The current crisis in the region indicates otherwise. It is as if nothing has been done. Authorities of the commission claim the government is not funding it well. Managing Director, Timi Alaibe, said last year that the commission was being owed about N224bn spanning over seven years. Now we know where part of the money has gone to – spiritual consultations. Ironically, the same NDDC, whose chairman is embroiled in the voodoo dance, sponsored a prayer conference, which held in Port Harcourt last Friday. The initiative, according to the organisers, was to restore peace and sanity in the region.

Part of our problems in Nigeria is insincerity. People capitalise on crisis situations to make money. I will be surprised if some of the sponsors and organisers of this prayer conference did not make good money from the event. That was how the Federal Government embarked on a wild goose chase in 2005 with the setting up of the National Political Reform Conference. That conference ended abruptly when the northern delegates opposed demands by the South-South delegates for a 50 per cent increase in the derivation formula. Nothing came out of the conference even when huge amount of money had gone down the drain.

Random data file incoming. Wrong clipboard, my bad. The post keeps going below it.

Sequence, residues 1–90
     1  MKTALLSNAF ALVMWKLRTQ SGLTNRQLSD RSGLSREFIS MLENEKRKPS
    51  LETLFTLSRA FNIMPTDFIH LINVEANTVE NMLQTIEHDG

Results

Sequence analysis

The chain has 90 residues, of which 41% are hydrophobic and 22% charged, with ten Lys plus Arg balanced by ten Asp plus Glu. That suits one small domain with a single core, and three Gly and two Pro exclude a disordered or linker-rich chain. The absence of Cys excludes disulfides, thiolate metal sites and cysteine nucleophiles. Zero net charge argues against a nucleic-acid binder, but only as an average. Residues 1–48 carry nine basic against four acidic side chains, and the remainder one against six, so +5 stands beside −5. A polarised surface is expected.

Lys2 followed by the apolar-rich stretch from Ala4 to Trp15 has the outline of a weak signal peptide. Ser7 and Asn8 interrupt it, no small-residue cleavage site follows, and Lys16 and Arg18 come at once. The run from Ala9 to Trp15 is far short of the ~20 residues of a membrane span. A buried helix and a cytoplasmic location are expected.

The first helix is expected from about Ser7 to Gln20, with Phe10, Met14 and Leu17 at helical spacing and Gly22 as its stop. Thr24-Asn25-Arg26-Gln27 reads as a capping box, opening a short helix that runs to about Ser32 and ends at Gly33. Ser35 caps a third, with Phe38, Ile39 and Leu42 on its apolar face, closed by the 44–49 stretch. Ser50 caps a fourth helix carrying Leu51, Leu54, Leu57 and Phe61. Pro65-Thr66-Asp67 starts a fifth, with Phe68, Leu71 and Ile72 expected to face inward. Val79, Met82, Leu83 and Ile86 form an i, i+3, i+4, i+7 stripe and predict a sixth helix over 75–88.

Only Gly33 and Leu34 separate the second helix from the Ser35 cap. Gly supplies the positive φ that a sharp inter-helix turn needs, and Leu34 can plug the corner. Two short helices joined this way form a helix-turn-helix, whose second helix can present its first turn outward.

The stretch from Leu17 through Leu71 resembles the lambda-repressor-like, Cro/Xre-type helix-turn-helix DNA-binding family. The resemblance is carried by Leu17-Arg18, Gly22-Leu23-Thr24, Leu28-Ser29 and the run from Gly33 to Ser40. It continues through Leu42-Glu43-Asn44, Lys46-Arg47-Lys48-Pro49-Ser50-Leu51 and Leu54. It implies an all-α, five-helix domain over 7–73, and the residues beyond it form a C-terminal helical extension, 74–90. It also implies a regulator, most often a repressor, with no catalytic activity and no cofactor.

Following the same tradition of deceit, the Federal Government recently proposed a Niger Delta summit, but appointed an unpopular candidate, Prof. Ibrahim Gambari, to chair it. The overwhelming opposition against Gambari forced the FG to shelve the summit. Now, it rather prefers a ”discussion” (whatever that means).

Many individuals and organisations have made different suggestions on how to solve the Niger Delta problem. In 2006, 65 Nobel laureates visited the area. They suggested, among others, that oil companies should establish what they called a community investment fund. This is to take care of some developmental needs of the region. Some concerned citizens have proposed an amendment of the Petroleum Act of 1969. This Act gives ownership of petroleum products to the FG. The oil-bearing communities are left without any control over oil resources in their land.